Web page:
A new survey by Insider and Morning Consult asked just that to more than 2,000 Americans for its series, “The State of Our Money.” Of these respondents, 49.2% identified as male and 50.8% identified as female.
They were given eight options to choose from. Around the same percentage of men and women have each delayed getting married, having children, and ending a relationship due to money (all ranging from 13% to 17%). A similar percentage of men and women have also delayed starting a business because of money (just over 20% for each gender).
But women are significantly more likely to delay three things: having a medical procedure, buying a home, and quitting a job.
All three options are the top responses among both men and women. All respondents are most likely to delay having a medical procedure, but women are nine percentage points more likely to do so than men. They’re also more likely to delay quitting a job by six percentage points and buying a home by five percentage points.
Men were significantly more likely than women to delay just one life event: entering a relationship, which they were more likely to put off by seven percentage points. The survey didn’t ask about respondents’ motivations for delaying each event, but traditional gender roles establish men as the main providers of a family, an admittedly outdated idea that could be at play here, if even subconsciously. While many more men and women would put off medical treatment, real estate, and quitting a job than delay starting a relationship, the fact that men are so much more likely to consider it may be due in part to that feeling of responsibility — they don’t earn enough to provide for two.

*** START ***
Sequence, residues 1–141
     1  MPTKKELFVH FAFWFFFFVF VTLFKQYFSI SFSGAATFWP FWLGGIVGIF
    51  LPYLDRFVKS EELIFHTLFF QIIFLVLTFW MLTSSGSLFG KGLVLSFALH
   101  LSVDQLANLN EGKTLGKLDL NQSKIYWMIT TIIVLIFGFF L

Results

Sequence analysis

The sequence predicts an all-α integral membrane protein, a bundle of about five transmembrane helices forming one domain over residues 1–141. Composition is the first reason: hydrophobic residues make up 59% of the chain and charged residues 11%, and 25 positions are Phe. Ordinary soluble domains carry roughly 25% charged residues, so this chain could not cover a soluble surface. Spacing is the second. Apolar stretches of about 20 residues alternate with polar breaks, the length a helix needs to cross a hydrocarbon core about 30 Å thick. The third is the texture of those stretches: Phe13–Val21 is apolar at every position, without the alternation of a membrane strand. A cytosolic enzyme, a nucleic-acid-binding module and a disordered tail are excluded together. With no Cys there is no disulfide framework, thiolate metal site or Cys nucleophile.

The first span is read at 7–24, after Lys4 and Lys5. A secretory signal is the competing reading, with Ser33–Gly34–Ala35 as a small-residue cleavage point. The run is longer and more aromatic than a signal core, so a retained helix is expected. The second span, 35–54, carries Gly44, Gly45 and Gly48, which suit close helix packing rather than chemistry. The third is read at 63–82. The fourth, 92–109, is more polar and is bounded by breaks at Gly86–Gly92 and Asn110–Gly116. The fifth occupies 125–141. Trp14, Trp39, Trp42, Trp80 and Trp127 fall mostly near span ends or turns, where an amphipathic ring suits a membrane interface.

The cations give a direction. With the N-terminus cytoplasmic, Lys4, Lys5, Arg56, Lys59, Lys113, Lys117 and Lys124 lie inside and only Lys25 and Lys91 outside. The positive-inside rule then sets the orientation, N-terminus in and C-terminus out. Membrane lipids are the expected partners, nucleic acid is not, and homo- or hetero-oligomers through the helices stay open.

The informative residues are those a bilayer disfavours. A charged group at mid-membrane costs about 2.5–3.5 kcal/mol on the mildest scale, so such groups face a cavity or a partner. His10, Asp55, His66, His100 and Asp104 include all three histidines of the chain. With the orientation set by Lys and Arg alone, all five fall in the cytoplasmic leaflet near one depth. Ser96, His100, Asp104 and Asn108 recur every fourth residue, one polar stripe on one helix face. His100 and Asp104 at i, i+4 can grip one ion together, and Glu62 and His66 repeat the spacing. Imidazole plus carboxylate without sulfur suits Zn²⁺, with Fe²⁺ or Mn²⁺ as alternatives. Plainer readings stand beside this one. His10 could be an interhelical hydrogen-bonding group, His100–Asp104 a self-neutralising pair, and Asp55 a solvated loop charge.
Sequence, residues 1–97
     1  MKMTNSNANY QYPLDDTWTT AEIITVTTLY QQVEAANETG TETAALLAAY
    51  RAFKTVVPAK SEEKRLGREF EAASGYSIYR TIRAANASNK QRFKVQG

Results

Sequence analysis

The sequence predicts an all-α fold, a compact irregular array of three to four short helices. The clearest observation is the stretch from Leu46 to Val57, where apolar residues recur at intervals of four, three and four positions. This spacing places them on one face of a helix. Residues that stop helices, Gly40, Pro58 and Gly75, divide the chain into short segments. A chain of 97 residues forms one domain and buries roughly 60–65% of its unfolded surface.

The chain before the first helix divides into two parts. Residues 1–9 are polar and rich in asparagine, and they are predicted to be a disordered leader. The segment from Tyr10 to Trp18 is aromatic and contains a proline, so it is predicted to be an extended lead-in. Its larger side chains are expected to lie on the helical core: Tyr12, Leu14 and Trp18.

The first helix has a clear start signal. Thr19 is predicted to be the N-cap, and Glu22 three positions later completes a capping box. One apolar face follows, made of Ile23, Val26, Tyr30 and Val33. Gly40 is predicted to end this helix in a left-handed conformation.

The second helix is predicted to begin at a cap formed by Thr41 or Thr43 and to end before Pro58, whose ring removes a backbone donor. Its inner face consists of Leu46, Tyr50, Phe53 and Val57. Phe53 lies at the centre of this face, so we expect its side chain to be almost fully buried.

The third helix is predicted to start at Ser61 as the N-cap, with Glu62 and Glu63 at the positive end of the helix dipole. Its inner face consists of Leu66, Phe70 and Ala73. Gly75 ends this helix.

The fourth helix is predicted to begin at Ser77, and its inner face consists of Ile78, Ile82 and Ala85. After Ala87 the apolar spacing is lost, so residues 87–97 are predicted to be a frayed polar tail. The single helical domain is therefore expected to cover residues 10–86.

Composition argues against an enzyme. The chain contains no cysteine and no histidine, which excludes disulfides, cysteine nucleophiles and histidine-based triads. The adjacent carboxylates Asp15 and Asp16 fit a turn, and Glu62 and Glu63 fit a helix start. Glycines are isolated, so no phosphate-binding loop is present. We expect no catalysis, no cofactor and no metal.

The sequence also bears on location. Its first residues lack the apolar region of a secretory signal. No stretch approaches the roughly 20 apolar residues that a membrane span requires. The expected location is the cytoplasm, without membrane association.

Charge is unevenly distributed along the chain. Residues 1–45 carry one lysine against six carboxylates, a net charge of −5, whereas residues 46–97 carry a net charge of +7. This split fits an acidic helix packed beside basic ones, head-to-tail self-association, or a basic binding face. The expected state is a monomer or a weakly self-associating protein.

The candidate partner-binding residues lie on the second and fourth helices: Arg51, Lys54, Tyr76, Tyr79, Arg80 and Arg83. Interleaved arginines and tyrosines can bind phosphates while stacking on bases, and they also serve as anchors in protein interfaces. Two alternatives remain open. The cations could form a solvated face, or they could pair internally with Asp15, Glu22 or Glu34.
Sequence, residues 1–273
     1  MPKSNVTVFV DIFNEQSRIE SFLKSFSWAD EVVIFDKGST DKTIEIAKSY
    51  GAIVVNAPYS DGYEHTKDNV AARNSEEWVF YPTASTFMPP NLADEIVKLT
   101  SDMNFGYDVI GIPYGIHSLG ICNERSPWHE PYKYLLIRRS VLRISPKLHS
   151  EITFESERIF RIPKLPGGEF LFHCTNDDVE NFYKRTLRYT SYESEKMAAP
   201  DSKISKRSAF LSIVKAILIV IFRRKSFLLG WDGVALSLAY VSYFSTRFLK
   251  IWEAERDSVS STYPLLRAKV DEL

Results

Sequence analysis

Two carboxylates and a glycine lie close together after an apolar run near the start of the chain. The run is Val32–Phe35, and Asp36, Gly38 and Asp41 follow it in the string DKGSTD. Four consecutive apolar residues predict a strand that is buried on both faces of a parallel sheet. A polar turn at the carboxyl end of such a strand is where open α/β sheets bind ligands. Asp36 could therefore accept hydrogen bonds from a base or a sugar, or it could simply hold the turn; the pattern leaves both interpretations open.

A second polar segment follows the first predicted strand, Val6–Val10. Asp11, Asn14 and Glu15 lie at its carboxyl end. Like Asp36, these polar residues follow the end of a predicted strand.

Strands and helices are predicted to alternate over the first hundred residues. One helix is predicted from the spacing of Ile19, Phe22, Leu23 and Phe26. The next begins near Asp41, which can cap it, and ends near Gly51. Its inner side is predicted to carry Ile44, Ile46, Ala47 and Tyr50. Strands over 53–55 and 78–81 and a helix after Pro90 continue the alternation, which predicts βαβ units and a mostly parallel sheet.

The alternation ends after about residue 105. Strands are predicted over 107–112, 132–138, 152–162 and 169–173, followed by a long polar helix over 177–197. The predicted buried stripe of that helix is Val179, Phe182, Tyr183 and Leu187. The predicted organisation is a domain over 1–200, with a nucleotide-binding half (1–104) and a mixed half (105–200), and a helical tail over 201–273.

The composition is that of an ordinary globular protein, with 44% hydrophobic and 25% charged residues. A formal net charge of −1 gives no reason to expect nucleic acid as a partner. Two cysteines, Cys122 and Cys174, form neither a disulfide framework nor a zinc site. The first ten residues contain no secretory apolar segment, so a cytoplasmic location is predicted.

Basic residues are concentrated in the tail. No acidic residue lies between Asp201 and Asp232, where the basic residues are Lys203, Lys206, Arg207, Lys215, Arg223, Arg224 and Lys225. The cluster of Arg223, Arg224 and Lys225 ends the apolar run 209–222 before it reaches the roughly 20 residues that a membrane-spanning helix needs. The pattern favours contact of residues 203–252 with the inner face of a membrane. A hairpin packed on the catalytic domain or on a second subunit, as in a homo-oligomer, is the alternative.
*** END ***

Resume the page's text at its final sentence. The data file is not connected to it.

While men and women only differed by one to two percentage points when it comes to delaying half of the life event options provided, that women were significantly more likely to delay three of the options highlights the effects of the gender wage gap.
Despite progress on the gender wage gap front, American women are still earning less than American men. A woman working full-time earns 80.7 cents on average for every dollar a man working full-time earns. Annually, women’s median earnings are $9,909 less than men’s, according to data from the US Census Bureau.
The gap in pay varies based on location, race, and other factors, including children. Women with children often earn less after returning to the workforce, while working fathers typically see a salary boost, Business Insider previously reported.
What’s more is that the gender pay gap exists for workers across a lifetime. A previous Business Insider analysis of Census data from the Minnesota Population Center’s IPUMS program found that the median full-time, year-round male worker earns more than his female counterpart at every year of age.
Women earning less are likely to face more financial struggles than the typical male worker, and therefore more likely to be unable to afford some of life’s more expensive events.
Originally published on Business Insider.
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